I'll have one small network of logic gates to handle the case when the bit is logic 1, and another small set of gates to handle the case when the bit is logic 0. Each set has a logic 1 output when the right conditions are met, and both sets' outputs are AND'd, to get that bit's final output, which then goes to the multi-input AND of all of the bits' output states to decide if the alarm should be triggered.

    For the case when the bit is 1: the bit and SW go into a dual-input AND gate, which will have output 1 only when both inputs are 1. However, if the SW is 0, we want the other set of gates to make the decision, so we want this set of gates to output 1 whenever SW is 0, no matter what the bit is. Thus, we send the AND gate's output into a dual-input OR gate. The OR gate's other input is from an inverter, with SW as the inverter's input. That way, when SW is 0, it's inverted to 1, and the OR gate will output 1 no matter what the AND gate says. But if SW is 1 it gets inverted to 0, and the OR gate's output will be whatever the AND gate's output is.

    For the case when the bit is 0: the bit and SW go into a dual-input OR gate followed by an inverter, which will have output 1 only when both inputs are 0. However, if SW is 1, we want the other set of gates to make the decision, so we want this set of gates to output 1 whenever SW is 1, no matter what the bit is. Thus, we send the inverter's output into a dual-input OR gate. The OR gate's other input is SW. That way, when SW is 1, the OR gate will output 1 no matter what the OR/inverter combo says. But if SW is 0, the OR gate's output will be whatever the OR/inverter combo's output is.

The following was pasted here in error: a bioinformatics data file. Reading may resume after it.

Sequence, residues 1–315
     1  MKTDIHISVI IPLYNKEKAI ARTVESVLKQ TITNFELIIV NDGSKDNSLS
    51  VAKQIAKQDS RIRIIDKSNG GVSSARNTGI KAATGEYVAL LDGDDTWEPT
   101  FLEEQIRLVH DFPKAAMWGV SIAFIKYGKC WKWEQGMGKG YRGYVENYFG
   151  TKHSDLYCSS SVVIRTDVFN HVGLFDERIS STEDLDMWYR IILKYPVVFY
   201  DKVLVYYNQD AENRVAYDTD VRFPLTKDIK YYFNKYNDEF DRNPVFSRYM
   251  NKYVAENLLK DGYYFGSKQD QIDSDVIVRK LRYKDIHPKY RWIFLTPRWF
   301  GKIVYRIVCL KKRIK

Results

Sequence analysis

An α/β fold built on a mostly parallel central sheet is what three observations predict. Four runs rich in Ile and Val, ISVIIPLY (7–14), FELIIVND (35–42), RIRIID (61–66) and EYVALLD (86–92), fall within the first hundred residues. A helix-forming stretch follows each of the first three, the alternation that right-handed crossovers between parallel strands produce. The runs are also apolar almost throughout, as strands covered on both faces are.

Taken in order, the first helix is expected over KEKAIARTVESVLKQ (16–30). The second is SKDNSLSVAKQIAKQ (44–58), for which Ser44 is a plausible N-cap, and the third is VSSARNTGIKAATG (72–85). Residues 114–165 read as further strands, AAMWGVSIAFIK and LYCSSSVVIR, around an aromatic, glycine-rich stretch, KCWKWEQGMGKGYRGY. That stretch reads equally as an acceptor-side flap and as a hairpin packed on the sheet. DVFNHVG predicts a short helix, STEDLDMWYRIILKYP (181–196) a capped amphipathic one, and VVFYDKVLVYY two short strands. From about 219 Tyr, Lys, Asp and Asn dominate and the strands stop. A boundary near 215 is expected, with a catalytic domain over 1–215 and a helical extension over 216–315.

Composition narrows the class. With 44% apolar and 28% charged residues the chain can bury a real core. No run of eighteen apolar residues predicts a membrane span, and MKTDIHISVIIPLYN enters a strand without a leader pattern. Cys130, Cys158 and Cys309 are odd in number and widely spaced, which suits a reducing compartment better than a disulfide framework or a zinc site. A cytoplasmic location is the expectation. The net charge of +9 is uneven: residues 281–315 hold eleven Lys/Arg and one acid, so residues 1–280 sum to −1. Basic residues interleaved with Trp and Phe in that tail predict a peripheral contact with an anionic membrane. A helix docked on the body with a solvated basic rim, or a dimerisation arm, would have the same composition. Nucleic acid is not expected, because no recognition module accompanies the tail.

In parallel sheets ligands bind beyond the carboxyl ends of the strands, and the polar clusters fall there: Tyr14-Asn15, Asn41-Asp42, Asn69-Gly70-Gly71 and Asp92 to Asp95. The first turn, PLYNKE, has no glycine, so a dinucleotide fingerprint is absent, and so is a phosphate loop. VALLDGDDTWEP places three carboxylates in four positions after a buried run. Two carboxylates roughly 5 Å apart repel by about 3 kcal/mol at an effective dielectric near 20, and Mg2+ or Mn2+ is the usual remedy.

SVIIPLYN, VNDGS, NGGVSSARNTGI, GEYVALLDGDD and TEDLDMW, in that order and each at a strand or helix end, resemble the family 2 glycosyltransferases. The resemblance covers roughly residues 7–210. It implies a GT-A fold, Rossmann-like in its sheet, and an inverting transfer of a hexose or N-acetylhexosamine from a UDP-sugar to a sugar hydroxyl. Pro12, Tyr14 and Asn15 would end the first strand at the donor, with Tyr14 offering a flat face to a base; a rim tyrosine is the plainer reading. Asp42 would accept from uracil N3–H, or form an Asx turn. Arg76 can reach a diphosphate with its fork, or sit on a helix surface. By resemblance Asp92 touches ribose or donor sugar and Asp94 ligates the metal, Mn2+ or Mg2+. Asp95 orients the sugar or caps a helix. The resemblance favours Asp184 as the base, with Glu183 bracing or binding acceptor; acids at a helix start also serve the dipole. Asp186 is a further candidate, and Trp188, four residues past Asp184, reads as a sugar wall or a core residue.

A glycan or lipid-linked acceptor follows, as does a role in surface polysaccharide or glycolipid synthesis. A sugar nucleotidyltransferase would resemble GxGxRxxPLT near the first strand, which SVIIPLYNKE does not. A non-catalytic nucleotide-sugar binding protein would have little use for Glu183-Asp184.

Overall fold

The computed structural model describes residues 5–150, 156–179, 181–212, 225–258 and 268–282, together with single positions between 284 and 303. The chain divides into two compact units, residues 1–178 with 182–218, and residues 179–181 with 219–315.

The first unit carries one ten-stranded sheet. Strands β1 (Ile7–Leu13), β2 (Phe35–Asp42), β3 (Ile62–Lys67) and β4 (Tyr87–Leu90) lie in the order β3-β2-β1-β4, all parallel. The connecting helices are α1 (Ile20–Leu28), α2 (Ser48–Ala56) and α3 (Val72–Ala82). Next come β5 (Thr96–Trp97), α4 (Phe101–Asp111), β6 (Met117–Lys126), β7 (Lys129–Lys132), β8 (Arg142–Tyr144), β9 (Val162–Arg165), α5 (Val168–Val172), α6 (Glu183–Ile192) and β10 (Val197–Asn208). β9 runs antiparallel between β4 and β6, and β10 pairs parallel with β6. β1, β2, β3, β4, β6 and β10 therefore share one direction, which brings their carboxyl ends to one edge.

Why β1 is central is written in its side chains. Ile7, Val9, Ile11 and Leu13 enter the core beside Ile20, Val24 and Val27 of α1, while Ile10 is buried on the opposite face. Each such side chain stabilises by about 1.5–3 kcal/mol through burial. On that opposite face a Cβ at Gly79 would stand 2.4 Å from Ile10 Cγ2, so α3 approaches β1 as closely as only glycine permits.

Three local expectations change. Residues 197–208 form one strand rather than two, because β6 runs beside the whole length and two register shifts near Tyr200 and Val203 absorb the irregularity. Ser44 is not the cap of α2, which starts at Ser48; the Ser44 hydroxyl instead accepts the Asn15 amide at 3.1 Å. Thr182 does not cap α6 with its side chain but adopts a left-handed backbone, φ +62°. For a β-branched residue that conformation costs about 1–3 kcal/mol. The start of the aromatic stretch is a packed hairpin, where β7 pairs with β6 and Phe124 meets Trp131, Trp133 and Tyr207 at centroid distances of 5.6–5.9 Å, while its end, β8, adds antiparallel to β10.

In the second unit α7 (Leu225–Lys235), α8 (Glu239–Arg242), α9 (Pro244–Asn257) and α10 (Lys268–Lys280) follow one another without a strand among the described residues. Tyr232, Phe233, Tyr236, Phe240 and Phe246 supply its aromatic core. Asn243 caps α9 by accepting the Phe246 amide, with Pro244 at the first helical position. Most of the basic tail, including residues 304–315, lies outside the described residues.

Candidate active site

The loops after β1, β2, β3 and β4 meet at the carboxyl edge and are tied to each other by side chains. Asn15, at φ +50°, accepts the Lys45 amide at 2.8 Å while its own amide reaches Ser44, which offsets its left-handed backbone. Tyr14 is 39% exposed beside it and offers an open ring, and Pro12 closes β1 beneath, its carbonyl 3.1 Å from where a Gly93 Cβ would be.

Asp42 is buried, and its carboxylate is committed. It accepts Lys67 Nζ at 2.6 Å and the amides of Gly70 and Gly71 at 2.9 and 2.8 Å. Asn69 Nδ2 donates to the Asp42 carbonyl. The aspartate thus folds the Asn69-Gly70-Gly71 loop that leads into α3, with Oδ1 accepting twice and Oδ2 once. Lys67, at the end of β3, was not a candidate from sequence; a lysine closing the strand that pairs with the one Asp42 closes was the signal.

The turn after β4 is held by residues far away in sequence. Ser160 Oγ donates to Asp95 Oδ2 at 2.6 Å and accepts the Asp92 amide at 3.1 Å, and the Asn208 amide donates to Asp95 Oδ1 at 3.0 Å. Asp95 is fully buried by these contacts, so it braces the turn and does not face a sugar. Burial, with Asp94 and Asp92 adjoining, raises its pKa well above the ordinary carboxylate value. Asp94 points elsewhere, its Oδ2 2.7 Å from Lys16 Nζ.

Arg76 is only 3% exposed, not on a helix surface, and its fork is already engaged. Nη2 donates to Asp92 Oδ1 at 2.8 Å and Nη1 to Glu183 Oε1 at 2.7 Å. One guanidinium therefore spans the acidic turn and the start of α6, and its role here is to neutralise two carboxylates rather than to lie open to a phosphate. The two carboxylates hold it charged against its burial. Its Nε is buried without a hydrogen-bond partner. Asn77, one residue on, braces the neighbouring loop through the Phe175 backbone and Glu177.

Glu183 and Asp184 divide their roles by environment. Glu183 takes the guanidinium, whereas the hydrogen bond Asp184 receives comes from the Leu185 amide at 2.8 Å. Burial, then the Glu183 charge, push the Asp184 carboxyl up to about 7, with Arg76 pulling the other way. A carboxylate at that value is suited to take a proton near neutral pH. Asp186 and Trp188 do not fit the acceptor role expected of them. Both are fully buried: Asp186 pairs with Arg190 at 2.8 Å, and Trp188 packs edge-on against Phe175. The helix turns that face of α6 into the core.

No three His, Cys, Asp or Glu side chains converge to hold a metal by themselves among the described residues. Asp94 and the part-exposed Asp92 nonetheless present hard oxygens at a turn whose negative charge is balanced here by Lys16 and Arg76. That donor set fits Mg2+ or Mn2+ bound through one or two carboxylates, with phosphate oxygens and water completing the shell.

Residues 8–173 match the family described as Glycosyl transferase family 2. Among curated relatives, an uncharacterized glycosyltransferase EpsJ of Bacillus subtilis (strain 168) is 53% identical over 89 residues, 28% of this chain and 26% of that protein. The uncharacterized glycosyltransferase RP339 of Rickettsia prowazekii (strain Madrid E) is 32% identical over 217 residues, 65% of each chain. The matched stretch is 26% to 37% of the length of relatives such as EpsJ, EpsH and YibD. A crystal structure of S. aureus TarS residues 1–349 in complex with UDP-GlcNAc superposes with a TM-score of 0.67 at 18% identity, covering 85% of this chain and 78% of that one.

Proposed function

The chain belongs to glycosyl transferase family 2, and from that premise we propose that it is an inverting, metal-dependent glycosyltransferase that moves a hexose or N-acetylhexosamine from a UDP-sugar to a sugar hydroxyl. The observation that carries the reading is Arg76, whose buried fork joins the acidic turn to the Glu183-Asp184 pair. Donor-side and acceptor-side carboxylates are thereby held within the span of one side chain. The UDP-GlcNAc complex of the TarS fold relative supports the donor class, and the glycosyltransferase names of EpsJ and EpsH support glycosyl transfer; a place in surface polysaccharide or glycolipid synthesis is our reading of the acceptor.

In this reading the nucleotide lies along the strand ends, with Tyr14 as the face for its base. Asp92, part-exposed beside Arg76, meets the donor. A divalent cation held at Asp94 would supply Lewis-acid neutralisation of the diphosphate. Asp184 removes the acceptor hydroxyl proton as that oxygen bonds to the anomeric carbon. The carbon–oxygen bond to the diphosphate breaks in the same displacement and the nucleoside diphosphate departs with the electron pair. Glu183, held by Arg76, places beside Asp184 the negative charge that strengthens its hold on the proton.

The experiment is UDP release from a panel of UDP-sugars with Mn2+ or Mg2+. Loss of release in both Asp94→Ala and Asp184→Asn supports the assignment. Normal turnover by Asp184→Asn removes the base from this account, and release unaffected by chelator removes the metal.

The two final OR gates' outputs go to a dual-input AND gate. The output of that final AND gate is 1 if the bit matches the switch setting, and 0 if the bit does not match the switch setting.

    All of the bits' outputs get AND'd together. That output will be 1 if all of the bits match their switch settings, and will be 0 otherwise.

    ------

    - Tom Gootee

    http://www.fullnet.com/~tomg/index.html
     
  4. beenthere

    Retired Moderator

    Apr 20, 2004
    15,815
    282
    There is also the 74LS85 magnitude comparitor. It inputs 4 bits from one source and 4 from another, giving outputs for less, equal, and more. A few of them all saying "EQUAL" gives the signal to alarm.
     
  5. nomurphy

    AAC Fanatic!

    Aug 8, 2005
    567
    12
    There's also the 74HC688 comparator.